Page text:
Mantia won the mass start at the last two worlds in 2017 and 2019 (and finished fifth on Sunday, after the 1500m bronze).

Mantia clocked a personal best 1:42.16 in the fifth of 12 pairs of the 1500m. It held up until Nuis (1:41.66) and countryman Thomas Krol (1:41.73) in the last two pairs.

“Was starting to think that I’m so old that I can’t time trial anymore,” Mantia, a 34-year-old whose last 1500m personal best came in 2015, told media in Utah. “Maybe there’s a little bit of hope left.”

Mantia’s medal extended the U.S. streak of making the podium at every world championships this millennium — 16 straight. The single bronze is the smallest medal output since 2000.

Full results are here.

Wüst and Nuis gave the Dutch a sweep of the men’s and women’s 1500m titles, two years after they did the same at the PyeongChang Olympics. Bergsma, an Olympic and world 10,000m champion, earned his first global medal of any color — gold — in the 16-lap mass start.

The Netherlands failed to earn any golds on the first two days of the four-day competition. The dominant Dutch, who topped the medal standings at every Olympics and worlds dating to the 2002 Salt Lake City Winter Games, entered Sunday trailing Russia.

But Wüst began the day by clocking 1:50.92 to win the 1500m by .21 over Russian Yevgenia Lalenkova. American medal hope Brittany Bowe, the 2015 World champion who took bronze last year, finished 14th a day after taking eighth in her world-record 1000m distance.

Nuis and Krol went one-two in the men’s 1500m to tie Russia’s medal total. Then Irene Schouten took bronze in the women’s mass start to put the Netherlands ahead for good, followed by Bergsma’s capper.

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Netherlands on the board; more world records at speed skating worlds

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It took four world records from other countries before the Netherlands won its first title in an Olympic program event at the world single distances speed skating championships.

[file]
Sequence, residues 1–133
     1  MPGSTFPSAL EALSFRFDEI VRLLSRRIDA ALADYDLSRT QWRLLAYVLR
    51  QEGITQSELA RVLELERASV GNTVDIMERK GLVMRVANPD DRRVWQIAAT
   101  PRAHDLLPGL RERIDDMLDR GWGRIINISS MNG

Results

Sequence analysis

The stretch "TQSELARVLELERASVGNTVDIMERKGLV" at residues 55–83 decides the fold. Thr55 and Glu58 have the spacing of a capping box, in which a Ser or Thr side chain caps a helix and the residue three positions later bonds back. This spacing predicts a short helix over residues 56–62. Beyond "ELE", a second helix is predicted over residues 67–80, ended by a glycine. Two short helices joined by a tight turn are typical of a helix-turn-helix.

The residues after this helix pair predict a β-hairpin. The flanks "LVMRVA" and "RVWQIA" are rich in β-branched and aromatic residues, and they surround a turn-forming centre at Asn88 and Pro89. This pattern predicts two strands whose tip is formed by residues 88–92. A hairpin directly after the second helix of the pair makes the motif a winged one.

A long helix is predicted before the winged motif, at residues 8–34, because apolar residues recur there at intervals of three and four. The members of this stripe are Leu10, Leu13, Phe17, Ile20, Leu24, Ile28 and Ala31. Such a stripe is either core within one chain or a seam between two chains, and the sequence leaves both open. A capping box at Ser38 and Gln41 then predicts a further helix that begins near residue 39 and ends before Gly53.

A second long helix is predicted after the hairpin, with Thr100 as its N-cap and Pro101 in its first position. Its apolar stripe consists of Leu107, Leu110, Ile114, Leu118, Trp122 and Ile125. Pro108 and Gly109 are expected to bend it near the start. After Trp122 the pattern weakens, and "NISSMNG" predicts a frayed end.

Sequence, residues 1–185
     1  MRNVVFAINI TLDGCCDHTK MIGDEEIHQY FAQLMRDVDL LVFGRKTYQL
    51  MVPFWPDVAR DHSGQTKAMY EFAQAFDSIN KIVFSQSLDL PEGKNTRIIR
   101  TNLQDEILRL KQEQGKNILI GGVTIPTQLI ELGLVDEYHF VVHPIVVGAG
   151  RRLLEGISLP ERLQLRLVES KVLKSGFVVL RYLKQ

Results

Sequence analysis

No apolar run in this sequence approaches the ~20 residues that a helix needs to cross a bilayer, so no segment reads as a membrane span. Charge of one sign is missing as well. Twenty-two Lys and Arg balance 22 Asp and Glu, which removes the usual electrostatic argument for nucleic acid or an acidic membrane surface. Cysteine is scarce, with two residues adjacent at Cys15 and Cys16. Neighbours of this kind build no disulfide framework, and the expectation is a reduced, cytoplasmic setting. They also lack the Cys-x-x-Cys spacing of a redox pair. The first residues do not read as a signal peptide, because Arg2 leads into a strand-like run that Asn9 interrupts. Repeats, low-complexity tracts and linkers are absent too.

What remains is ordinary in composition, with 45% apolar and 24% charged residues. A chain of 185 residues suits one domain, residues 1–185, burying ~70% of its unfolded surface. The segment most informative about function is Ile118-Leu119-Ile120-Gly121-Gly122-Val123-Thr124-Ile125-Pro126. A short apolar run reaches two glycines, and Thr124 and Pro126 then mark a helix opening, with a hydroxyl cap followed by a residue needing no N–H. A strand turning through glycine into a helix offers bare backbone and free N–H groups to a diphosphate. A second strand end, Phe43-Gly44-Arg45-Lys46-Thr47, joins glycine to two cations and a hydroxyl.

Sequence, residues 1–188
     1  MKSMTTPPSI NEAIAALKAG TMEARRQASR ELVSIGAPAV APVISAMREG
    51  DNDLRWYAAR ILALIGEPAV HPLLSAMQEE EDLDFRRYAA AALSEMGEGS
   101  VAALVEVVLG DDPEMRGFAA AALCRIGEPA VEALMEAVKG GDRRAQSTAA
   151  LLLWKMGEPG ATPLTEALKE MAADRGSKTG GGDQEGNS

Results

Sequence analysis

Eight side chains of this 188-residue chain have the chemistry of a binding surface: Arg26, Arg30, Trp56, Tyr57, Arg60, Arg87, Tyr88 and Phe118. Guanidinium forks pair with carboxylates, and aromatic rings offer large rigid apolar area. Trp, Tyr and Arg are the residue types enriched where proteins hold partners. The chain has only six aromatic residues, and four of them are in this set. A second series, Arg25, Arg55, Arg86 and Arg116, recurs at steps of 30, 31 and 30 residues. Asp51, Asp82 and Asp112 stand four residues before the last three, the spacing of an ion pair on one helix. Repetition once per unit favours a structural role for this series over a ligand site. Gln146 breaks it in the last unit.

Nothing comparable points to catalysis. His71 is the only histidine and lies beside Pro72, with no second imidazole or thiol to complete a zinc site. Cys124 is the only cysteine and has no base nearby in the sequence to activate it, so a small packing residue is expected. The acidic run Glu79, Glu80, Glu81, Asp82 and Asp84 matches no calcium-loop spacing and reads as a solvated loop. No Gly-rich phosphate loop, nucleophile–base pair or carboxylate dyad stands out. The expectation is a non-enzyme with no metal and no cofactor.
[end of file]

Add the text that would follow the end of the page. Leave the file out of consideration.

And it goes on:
Jutta Leerdam got the dominant skating nation on the board on the third day of the four-day competition and in the ninth Olympic program event. Leerdam scored an upset over defending champion and world-record holder Brittany Bowe, the American who ended up eighth.

Leerdam, 21, prevailed despite having zero World Cup podiums to her name. She clocked 1:11.84, just .23 slower than Bowe’s world record set on the same Utah Olympic Oval last year. Bowe, who recently had her yearlong win streak snapped in the 1000m, finished in 1:12.92.

“It’s a nightmare,” Bowe said, according to media on site.

Later, the Netherlands won the men’s team pursuit in a world record 3:34.68, the fifth world record in Olympic events the last two days on the world’s fastest ice at the 2002 Olympic oval outside Salt Lake City.

Full results are here.

The world championships conclude Sunday, highlighted by American Joey Mantia defending his world title in the mass start.

In other Saturday events, both the men’s 1000m and women’s 5000m world records fell. On Friday, world records were lowered in the men’s 10,000m and women’s team pursuit.

Pavel Kulizhnikov followed his Friday world 500m title with the 1000m crown, repeating his double gold from 2016. Kulizhnikov was one of the Russians banned from the PyeongChang Olympics after he served a prior doping ban.

On Saturday, Kulizhnikov clocked 1:05.69 to take .49 off Dutchman Kjeld Nuis‘ record from last March, also set at Salt Lake City. Nuis, the Olympic 1000m and 1500m champion, took silver, 1.03 seconds behind.

Russian Natalya Voronina and Czech Martina Sablikova both went under Sablikova’s world record in the 5000m. Voronina came out on top in 6:39.02, 2.99 seconds faster than Sablikova’s record from a year ago and 2.16 seconds faster than Sablikova on Saturday.

Voronina’s time would have been the men’s world record as recently as 1993. Sablikova won the previous 10 world titles in the event dating to 2007.